In 1895 Edgar Wood was busy building the semi-detached combinations of Redcroft and Fencegate in Middleton. Redcroft was to be his own house. He was also building numbers 2 and 4 Schwabe Street, in Middleton. At the same time across the Pennines he was building Briarcourt, in Lindley, Huddersfield, and altering the East Street Methodist Church in the same community.
Briarcourt (opposite) was
his first commission in the Huddersfield area. This
large Victorian house was built for his brother-in-law
Herbert Higginson Sykes. It is located on an open site
with a slight fall to the east and skirted by Occupation
Road to the south. The house is just a short walk from
the Lindley Clock, which was commisioned by James Nield
Sykes and built 7 years after Briarcourt.
John Archer describes the design of Briarcourt as, "typical of a detached, double-fronted Victorian house". The building's character, says Archer, "indicates Edgar Wood's early favour for the Jacobean manner and the vernacular revival which was fashionable at the time." In constructing the house Wood made use of traditional local materials. The house is built of roughly coursed rubble stone walls with courses diminishing to the eaves. It has a stone slate roof with courses diminishing to the ridge, and within stone mullions he set lead light windows. Although Wood based the design of Briarcourt on that of traditional West Riding Halls, Briarcourt has a much loftier appearance. Archer ascribes this to the fact that Victorian tastes called for rooms with high ceilings.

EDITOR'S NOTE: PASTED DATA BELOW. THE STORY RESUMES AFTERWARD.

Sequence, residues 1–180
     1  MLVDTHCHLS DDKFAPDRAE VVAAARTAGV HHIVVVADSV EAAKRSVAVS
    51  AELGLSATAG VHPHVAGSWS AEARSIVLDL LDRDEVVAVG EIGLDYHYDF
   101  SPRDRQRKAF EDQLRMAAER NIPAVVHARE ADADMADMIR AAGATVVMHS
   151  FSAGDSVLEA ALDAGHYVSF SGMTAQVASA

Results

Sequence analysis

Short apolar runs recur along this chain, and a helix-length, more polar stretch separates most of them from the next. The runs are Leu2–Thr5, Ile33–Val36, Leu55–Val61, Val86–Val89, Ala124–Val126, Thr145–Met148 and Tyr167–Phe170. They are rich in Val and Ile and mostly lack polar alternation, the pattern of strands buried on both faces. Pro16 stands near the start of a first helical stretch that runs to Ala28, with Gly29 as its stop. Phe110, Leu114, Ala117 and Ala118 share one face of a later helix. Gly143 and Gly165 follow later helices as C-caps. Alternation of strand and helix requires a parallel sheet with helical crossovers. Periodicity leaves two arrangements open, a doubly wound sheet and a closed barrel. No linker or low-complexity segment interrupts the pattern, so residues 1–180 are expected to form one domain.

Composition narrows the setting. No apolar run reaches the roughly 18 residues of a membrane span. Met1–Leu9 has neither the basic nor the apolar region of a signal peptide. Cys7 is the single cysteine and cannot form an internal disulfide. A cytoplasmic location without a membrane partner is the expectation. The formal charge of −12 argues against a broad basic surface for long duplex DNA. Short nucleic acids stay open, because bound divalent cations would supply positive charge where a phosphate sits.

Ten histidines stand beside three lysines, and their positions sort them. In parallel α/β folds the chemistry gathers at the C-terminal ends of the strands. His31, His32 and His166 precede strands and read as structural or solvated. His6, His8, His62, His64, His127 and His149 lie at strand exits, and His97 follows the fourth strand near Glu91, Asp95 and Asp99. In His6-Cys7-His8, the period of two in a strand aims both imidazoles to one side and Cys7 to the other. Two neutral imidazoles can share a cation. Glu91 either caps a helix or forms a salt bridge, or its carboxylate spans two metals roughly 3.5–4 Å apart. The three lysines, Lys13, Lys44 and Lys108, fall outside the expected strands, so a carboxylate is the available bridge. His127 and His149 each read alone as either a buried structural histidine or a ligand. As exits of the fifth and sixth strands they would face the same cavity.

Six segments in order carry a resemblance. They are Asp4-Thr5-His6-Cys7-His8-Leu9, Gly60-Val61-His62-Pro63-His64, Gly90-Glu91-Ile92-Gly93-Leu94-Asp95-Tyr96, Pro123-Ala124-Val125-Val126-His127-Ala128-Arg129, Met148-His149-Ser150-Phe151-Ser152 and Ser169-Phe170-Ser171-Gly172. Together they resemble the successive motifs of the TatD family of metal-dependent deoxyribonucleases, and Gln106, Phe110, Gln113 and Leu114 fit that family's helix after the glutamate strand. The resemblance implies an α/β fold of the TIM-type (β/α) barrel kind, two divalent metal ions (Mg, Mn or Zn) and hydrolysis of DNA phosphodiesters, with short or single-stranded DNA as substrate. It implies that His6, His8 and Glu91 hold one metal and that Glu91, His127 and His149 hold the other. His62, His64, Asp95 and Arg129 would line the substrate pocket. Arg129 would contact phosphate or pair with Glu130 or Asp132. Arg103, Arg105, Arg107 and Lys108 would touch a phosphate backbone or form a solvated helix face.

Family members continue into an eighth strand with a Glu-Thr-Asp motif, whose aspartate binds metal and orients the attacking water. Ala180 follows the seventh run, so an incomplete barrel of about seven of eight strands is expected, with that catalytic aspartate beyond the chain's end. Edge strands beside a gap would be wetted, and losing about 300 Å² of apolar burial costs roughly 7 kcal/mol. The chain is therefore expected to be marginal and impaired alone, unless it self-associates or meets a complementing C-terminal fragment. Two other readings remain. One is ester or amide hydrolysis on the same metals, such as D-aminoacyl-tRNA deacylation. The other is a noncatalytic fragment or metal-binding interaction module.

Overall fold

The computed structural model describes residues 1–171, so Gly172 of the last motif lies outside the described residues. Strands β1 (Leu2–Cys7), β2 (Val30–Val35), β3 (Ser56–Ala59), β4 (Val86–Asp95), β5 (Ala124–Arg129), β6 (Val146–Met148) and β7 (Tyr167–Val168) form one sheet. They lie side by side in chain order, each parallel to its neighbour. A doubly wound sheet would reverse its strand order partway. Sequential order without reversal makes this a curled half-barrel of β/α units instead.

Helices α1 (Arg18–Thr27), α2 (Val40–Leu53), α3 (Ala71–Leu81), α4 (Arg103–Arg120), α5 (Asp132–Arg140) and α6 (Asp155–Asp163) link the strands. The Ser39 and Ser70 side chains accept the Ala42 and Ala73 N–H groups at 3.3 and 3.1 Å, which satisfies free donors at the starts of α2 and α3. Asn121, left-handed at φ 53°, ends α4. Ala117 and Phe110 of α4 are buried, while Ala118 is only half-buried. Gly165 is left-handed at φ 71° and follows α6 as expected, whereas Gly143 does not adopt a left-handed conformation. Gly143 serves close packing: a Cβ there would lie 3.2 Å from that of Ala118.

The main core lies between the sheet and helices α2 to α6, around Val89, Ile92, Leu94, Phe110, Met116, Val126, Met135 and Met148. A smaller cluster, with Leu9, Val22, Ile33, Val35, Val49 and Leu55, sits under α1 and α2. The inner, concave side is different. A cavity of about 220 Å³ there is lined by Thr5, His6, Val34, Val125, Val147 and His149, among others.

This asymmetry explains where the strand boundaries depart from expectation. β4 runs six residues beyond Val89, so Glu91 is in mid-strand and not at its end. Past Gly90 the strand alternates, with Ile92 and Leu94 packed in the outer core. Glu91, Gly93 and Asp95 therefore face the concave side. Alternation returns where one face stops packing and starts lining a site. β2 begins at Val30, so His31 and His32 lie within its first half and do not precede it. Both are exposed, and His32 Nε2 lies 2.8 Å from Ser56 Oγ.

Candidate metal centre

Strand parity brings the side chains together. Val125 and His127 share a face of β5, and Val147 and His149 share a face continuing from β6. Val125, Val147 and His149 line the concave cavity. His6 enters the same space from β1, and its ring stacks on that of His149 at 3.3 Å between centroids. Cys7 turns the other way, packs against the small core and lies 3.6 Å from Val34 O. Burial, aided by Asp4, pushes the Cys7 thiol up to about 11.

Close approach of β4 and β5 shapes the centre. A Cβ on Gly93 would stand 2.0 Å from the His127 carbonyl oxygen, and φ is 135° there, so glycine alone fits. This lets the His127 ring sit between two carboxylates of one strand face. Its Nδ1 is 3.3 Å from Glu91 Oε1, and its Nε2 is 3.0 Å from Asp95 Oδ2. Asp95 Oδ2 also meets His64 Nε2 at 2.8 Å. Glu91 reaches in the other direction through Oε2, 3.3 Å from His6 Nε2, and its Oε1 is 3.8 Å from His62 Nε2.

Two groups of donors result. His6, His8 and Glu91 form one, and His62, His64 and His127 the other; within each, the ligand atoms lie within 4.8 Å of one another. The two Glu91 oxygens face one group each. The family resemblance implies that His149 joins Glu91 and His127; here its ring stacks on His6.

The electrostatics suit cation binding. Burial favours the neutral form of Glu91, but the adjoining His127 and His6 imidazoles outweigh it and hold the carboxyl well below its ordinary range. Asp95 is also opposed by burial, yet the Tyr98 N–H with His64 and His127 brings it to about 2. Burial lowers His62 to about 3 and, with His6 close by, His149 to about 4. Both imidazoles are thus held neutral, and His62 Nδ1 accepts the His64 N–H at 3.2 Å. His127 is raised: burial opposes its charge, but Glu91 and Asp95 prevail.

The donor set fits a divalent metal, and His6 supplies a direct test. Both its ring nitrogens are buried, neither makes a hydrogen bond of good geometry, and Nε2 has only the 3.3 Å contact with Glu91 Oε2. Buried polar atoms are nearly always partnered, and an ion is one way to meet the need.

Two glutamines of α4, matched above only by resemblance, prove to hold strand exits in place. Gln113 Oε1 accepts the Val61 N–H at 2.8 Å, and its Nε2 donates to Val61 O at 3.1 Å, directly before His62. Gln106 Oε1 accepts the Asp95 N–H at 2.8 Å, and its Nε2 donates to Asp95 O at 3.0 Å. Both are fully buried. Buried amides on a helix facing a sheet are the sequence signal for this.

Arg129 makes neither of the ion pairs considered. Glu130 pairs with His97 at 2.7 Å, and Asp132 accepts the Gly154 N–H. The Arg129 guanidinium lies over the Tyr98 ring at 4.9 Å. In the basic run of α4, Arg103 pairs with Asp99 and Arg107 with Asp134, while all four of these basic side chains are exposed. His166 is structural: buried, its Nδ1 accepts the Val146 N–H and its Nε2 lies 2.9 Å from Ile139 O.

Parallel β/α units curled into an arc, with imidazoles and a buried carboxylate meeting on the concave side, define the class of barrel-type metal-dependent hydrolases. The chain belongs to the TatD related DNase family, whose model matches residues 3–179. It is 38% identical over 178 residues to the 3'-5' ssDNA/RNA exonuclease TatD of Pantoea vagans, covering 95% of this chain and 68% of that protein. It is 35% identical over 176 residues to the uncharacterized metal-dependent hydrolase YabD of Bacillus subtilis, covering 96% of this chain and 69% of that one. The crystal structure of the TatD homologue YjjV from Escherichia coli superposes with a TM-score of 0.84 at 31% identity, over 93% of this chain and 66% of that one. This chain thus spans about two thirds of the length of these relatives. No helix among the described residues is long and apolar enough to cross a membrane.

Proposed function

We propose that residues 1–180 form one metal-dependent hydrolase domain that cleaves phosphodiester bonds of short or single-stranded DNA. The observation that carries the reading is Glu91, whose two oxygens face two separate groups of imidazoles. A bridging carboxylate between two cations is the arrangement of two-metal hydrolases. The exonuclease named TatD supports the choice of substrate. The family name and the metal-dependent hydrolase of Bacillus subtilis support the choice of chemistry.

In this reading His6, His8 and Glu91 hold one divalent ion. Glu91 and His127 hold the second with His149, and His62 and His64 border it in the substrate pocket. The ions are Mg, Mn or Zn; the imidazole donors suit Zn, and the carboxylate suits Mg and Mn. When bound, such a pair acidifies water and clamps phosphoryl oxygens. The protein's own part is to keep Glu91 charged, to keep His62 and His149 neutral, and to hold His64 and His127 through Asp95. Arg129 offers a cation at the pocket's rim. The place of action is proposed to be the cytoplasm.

During 1904 the house was extended by a local architect and not by Wood as one may have expected. This presumably occurred because the extension was too small to be a worthwhile project for him or that he was too busy with his experimental work using reinforced concrete.
Briarcourt Front Garden - 2001
The information about Briarcourt is presented with the considerable assistance of Cyril Pearce and, as always, is based on the work of John H. G. Archer